The first time I read about grooming I sat in silence as a thousand pieces of an impossibly complex jigsaw shuffled around in my head to find their rightful place.

At that time, I was living in Brunswick, Melbourne, where I moved in my early twenties to escape the suffocation of my hometown. 

I was working from home, studying for my PhD, and clicking around the Internet for a distraction. Falling down the clickbait rabbit hole, I ended up on the website of an artist who was collecting photos of women holding signs. 

The signs had words their abusers had said to them, had used to coax them, lure them in.

I could have held nearly every one of those signs myself.

Buried in the text describing the artist’s intent was a description of grooming. I leant back in my chair. I stared at the ceiling whispering over and over: ‘This is a thing.’

There is great power in giving something a name. It brings a sense of order. When we don’t have a name for things, we often blame ourselves. But once named, analysis and judgment follow.

We know about grooming over the Internet now – it’s a crime. Grooming is an evil act that leads to other, greater, evil acts. But, when I was growing up in the 1990s and the early 2000s, we didn’t yet have the word grooming.

Other words, those needed to form sentences, paragraphs – understanding, as it were – were beyond my reach. They only started to come when I was 32, and my mother began dying from cancer.

Finding these words is much harder, particularly against the societal backdrop of female exploitation, male excuses and the degradation of women. 

In a world where the concept of women’s consent is still treated as hazy and pliable – not a simple statement of fact, of ‘yes’ or ‘no’. 

This haziness has played out in numerous court cases and opinion pieces in recent years, with men let off the hook due to alcohol – sometimes their own drunkenness, but usually the woman’s – or a ‘misunderstanding’, leaving women unheard and no doubt confused.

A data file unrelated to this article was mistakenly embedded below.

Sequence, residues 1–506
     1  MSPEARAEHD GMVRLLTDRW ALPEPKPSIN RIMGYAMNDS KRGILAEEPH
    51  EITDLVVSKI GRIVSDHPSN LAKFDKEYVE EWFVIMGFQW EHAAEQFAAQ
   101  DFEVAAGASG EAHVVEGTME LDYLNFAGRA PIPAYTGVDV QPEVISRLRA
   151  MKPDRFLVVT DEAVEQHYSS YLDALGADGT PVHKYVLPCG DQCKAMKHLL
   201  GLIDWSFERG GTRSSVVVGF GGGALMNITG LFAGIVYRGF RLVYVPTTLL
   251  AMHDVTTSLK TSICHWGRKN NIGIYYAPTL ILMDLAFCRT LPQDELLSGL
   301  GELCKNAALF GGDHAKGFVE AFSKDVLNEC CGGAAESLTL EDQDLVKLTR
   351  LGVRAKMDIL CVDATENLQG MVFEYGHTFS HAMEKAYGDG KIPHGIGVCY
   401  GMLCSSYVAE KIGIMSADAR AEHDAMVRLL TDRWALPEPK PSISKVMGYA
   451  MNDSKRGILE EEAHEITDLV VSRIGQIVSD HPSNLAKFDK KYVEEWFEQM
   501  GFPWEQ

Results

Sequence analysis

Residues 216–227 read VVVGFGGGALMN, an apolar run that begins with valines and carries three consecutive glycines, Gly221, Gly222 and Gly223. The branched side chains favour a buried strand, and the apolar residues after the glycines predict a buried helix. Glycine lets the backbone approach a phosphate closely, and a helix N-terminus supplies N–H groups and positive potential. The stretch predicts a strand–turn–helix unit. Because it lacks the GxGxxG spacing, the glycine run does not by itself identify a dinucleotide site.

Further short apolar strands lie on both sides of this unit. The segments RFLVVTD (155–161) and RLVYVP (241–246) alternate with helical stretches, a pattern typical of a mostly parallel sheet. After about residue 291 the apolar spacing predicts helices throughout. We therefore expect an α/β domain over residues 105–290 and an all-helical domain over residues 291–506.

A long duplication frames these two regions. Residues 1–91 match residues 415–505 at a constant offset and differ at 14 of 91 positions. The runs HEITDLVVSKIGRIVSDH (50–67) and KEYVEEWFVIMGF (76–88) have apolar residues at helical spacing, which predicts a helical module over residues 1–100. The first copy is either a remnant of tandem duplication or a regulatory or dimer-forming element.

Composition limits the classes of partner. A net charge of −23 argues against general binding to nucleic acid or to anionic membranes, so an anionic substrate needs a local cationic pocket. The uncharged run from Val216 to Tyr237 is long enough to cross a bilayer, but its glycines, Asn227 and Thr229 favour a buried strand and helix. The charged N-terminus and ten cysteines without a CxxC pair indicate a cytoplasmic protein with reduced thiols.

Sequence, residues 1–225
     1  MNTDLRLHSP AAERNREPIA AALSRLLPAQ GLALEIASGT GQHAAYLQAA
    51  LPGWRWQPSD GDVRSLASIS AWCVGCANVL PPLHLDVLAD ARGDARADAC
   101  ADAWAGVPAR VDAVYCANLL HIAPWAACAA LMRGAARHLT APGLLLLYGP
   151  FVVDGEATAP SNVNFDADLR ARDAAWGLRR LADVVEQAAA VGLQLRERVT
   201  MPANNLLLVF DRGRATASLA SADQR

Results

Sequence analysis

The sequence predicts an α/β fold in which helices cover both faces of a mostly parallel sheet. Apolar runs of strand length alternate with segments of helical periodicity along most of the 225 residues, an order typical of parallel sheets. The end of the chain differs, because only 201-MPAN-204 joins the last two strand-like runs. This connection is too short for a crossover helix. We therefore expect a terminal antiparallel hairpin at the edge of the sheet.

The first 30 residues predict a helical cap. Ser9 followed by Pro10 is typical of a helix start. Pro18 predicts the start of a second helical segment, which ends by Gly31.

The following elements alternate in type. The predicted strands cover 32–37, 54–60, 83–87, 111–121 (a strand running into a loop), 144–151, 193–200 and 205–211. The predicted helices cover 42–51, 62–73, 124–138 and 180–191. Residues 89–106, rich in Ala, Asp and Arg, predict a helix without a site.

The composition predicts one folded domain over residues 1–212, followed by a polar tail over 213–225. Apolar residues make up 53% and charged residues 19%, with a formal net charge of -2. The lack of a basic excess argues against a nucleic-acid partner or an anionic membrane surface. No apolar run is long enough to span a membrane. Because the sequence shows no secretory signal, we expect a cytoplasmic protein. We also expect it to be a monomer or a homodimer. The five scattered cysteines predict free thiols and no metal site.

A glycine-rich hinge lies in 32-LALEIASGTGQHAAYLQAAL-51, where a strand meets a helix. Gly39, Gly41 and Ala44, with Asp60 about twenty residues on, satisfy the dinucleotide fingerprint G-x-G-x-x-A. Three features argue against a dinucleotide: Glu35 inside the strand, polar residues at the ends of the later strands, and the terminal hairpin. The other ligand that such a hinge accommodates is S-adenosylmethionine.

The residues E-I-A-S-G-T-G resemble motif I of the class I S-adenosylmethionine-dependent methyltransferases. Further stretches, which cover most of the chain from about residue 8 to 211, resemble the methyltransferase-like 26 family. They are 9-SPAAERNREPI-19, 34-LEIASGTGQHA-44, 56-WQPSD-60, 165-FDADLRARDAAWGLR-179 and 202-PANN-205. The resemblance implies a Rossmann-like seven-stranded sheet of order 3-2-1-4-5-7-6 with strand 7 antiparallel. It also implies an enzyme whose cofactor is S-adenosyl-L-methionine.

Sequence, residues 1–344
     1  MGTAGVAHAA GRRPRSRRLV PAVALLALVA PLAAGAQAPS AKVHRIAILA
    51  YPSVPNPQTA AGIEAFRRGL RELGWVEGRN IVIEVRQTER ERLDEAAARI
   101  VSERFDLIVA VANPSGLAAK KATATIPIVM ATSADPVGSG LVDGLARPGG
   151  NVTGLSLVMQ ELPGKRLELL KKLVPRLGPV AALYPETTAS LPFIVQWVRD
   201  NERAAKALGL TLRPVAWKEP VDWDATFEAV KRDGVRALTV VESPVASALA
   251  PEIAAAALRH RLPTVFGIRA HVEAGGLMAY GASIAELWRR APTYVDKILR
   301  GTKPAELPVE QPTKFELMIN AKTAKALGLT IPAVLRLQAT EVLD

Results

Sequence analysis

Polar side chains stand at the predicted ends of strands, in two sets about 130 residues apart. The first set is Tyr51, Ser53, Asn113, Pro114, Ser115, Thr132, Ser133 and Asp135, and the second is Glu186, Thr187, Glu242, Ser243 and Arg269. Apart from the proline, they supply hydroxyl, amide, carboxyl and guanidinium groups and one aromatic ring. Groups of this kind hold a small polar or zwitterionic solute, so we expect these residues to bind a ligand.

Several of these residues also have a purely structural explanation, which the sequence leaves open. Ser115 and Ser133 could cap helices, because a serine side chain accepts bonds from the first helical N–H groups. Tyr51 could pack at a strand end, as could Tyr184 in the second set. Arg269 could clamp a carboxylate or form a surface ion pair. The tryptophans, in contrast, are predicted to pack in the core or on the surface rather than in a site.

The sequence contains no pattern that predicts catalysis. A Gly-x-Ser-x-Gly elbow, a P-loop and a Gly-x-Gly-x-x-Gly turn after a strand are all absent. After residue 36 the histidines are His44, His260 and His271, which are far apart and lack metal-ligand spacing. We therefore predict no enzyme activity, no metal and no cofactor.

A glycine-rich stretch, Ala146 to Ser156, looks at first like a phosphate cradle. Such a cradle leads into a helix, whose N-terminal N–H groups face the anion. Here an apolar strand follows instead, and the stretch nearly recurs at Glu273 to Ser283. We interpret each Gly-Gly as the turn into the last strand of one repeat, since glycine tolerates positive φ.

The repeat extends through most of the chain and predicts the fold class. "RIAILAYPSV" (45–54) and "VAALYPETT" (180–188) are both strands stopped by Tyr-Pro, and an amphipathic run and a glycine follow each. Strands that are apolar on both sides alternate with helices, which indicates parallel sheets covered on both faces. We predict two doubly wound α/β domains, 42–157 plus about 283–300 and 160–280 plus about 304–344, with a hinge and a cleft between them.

We know that most cases of sexual assault are never reported, or if they are women are discouraged from proceeding with charges because they won’t ‘stick’. 

Meanwhile, in so-called advanced democracies like the United States, rape kits have sat unanalyzed for decades. 

It’s not a one-off tragedy like some reporting would have you believe, it’s a daily occurrence. Though, gradually, this is shifting.

As more women – powerful women – come forward, baring their secrets and their stories. Finally, it appears, the world is starting to listen.

Yet for me, the words I needed weren’t just to describe an act. 

Grooming, molesting, sexual assault, statutory rape. Useful? Yes. Sufficient? No. 

These words describe a series of acts; they do not tell us why those acts were committed. 

Importantly, they didn’t help me to make sense of why these acts had happened to me, specifically.

This is an excerpt from Gemma Carey's book: No Matter Our Wreckage. 

Image: Supplied.

To read the full story, you can purchase it here.

If this post brings up any issues for you, you can contact Bravehearts (an organisation providing support to victims of child abuse) here.

If you are concerned about the welfare of a child you can get advice from the Child Abuse Protection Hotline by calling 1800 688 009, or visiting their website. You can also call the 24-hour Child Abuse Report Line (131 478).

Feature Image: Supplied.